Historian Stephen Dando-Collins has taken a thousand years of the history of the Roman Legion and presented it here on 600 pages stuffed with meticulous research and engaging narrative. The author spent 30 years
compiling the information here that describes everything from camp life and payments, motivations and punishments to the histories of the various legions that served Rome for 300 years beginning in 30 BC. In the last segment of the book, the writer provides a panoramic chronology of the various campaigns.
the author introduces his topic:
The Roman legion of the imperial era was a triumph of organization. Its basic structure was so effective that it continues to be used to this day, by armies whose squads platoons, companies and battalions reflect the contubernium, century, cohort and legion of old. The imperial legion created by Augustus was like a giant Lego set, with each component, from heavy infantry to cavalry, artillery to supporting auxiliary light infantry, fitting neatly together to form a solid, self-contained military machine.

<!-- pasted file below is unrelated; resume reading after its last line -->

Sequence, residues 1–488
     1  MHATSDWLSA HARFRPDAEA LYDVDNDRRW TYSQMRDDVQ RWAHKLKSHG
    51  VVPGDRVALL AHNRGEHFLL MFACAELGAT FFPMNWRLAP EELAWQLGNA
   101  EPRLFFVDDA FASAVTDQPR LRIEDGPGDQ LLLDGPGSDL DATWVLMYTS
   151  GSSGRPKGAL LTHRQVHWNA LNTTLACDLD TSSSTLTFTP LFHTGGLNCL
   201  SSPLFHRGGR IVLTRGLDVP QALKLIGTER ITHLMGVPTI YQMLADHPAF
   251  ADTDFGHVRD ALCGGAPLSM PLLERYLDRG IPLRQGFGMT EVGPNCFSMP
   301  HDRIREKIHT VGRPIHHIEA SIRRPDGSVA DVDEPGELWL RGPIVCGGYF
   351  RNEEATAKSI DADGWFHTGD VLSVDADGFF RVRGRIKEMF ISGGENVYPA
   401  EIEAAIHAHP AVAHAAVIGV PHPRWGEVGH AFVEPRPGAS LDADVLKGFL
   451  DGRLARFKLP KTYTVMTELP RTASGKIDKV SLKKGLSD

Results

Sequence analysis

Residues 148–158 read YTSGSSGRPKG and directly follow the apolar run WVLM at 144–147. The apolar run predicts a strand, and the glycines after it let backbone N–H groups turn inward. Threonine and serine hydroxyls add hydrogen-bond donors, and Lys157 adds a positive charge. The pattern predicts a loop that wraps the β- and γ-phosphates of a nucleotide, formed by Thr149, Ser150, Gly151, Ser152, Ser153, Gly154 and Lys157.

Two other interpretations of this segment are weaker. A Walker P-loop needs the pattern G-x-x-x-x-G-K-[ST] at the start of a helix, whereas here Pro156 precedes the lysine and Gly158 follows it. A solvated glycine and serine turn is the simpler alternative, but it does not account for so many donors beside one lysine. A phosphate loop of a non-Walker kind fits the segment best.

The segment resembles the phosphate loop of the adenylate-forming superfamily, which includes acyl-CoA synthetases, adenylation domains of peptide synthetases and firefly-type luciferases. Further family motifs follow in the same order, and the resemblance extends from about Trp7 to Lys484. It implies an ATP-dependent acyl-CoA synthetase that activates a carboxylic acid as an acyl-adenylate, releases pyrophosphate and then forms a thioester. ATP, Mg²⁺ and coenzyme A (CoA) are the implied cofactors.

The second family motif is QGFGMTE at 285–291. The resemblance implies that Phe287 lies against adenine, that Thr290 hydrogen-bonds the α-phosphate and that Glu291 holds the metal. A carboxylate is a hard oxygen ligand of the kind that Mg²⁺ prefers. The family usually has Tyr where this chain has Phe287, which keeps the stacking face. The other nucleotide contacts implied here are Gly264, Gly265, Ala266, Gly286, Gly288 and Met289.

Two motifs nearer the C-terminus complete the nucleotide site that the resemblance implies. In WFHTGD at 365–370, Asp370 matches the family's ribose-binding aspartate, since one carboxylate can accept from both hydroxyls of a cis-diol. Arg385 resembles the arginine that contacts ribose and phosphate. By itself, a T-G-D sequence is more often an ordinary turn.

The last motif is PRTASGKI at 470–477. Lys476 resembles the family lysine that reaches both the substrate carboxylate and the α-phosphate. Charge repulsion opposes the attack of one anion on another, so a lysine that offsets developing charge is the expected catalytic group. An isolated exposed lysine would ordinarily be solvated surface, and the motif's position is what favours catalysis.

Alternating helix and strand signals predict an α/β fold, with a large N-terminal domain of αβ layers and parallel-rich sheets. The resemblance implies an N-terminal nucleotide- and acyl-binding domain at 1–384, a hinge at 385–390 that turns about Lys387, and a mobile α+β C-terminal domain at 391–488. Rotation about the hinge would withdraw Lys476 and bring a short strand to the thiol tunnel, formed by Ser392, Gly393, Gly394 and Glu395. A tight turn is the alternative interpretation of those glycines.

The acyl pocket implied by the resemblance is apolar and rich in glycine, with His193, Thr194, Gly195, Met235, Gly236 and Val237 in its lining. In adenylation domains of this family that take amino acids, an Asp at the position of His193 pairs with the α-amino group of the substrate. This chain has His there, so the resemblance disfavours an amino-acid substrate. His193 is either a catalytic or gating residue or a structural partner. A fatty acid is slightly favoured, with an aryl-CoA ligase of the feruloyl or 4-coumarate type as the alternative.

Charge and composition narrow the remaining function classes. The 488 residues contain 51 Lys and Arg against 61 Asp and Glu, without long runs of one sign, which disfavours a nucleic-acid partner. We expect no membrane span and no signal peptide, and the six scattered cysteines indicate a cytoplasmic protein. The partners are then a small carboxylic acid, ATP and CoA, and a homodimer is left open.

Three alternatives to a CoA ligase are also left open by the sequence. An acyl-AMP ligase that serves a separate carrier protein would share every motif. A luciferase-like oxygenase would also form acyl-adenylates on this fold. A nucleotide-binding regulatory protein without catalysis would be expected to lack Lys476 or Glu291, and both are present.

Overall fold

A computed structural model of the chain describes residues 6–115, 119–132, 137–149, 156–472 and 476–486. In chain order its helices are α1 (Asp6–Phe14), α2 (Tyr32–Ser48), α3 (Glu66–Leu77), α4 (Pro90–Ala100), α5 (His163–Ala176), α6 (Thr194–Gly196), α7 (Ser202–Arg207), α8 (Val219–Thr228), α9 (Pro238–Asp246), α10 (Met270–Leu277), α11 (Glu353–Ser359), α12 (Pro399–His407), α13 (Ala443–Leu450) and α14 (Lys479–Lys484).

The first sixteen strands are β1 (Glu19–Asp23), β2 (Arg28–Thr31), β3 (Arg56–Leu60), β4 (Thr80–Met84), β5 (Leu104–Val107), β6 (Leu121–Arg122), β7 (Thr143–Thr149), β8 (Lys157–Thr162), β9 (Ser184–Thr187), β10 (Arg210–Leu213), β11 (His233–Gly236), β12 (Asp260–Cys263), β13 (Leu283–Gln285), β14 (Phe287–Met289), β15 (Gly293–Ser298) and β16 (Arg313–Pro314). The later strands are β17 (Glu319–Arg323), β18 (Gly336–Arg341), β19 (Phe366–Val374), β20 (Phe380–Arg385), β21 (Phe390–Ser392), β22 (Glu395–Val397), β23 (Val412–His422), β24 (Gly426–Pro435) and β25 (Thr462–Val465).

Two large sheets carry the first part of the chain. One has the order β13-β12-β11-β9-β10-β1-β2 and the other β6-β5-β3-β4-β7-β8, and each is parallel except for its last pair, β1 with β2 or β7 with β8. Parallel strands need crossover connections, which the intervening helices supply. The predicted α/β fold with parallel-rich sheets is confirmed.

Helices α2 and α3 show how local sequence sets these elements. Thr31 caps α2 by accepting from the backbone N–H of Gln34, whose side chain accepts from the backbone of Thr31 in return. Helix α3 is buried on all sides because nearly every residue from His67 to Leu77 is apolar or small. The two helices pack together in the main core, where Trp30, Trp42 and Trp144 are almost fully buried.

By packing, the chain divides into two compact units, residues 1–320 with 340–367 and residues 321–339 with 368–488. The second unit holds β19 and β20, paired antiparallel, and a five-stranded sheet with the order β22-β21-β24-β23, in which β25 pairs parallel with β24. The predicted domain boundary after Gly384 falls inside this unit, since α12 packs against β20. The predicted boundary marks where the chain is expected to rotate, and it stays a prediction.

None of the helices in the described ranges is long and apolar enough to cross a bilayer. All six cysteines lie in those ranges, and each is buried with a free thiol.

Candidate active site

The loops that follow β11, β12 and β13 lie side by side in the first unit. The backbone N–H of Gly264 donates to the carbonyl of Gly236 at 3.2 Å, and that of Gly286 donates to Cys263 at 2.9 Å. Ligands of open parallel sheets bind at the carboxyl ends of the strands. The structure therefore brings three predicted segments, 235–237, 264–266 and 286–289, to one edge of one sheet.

Indeed, the Romans were masters of war, and this book outlines how that happened.
Dozens of beautiful photographs of era-specific images are included: architecture, battle sites, weapons, et al.
If this type of history intrigues you and you didn't learn enough about the Romans in high school, Legions of Rome is for you. There are hundreds of names here along with a litany of geographic
appellations, so you may need a scorecard to keep track of who's who. It is a terrifically structured condensation of a culture that created what would become the modern-day soldier.